www.imis.ac.in Study Note @ Consumer Behavior Do advertisements influence our self image and our self esteem? Some critics accuse marketers of systematically creating anxiety, promoting envy, and fostering feelings of inadequacy and insecurity to sell us their products. Marketers respond that advertising does nothing more than mirror society's values, alerts people to new products and bargains, or motivate people to switch brands. At the very worst, they say, it bores or annoys. Of course, some ads provide information useful to consumers. And advertising clearly plays a valid role in an economy based on a system of free enterprise. The question is not whether advertising is valid; clearly, it is. The concern discussed here is the relationship between the images presented in ads and our sense of self. Can ads influence what we perceive as valid roles for ourselves in our society? And can our self-image and self-esteem be influenced by advertising? What are the images that ads present? Everywhere we turn, advertisements tell us what it means to be a desirable man or woman. Ads paint limited images of what men and women can be. Because ads are everywhere in our society, these limited images sink into our conscious and unconscious minds. In this way, ads help limit our understanding of our worth and our full potential. Ads tend to present women in limited roles. Girls and women in ads show concern about their bodies, their clothes, their homes, and the need to attract a boy or man. Seldom are women shown in work settings, business roles, or positions of responsibility and authority. Our society recognizes many valid roles for women, but this isn't always reflected in ads. Also, the girls and women in ads are presented as "beautiful." But ads offer a very limited, narrow image of beauty. The advertising industry favors models with facial features that look Anglo, even if the model is Black or Hispanic. Ads also present a very thin body type as though it were the most common or most desirable body type. Researchers have found that girls and women who work as models weigh 23% less than the average female their age. And the hips of an average department store mannequin measure six inches less than that of the average young woman. Girls, women, boys, and men seeing these commercial images may be influenced to think of an ultra-thin female body as more normal or desirable than one of average weight. The extreme preoccupation with weight fostered by advertising images is reflected in the fact that 80% of 10year-old girls report having dieted and that eight million American women suffer from anorexia or bulimia, two potentially life-threatening eating disorders. In reality, many different kinds of facial features and body types are beautiful. Besides, the flawless appearance of women in ads isn't even real. It's an illusion created by makeup artists, photographers. Each image is carefully worked over. Blemishes, wrinkles, and stray hairs are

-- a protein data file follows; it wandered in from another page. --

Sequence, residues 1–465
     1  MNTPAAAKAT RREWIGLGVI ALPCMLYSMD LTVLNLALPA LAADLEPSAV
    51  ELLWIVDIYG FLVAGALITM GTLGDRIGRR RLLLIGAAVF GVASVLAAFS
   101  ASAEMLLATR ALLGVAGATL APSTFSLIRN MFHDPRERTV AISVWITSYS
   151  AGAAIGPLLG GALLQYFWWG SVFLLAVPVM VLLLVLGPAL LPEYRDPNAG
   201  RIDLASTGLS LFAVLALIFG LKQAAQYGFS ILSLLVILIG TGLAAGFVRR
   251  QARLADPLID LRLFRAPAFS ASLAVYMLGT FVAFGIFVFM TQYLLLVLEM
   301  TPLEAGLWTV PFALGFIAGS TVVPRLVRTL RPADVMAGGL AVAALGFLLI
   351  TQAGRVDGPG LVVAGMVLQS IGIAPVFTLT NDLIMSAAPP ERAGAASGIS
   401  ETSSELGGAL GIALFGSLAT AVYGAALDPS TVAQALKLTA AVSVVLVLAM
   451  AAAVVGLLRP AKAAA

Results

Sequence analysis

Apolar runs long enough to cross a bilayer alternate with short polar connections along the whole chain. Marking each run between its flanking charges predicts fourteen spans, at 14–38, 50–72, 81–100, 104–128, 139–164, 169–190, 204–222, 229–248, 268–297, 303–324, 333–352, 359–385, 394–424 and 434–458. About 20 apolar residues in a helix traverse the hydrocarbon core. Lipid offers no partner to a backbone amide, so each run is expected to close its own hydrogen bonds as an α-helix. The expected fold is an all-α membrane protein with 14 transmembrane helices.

Prof. Suvendu Kr. Pratihari
www.imis.ac.in airbrushed away. Teeth and eyeballs are bleached white. In some cases, the picture you see is actually made of several photos. The face of one model may be combined with the body of a second model and the legs of a third. So many of the pictures we see are artificial, manufactured images. What happens when a girl or woman compares her real self with this narrow, unreal image of "perfection"? She may feel unattractive. When her self-image suffers, often her self-esteem is damaged too. She then looks for ways to improve her image and self-esteem. Ads also present an image of the "ideal" male. Although ads targeting boys and men do not present as narrow an imaginary physical ideal as do ads targeting girls and women, they still present a very limited view of masculinity. For girls and women, body image is emphasized in most ads. For boys and men, the image emphasized is an image of attitude. Boys and young men in ads typically play the...
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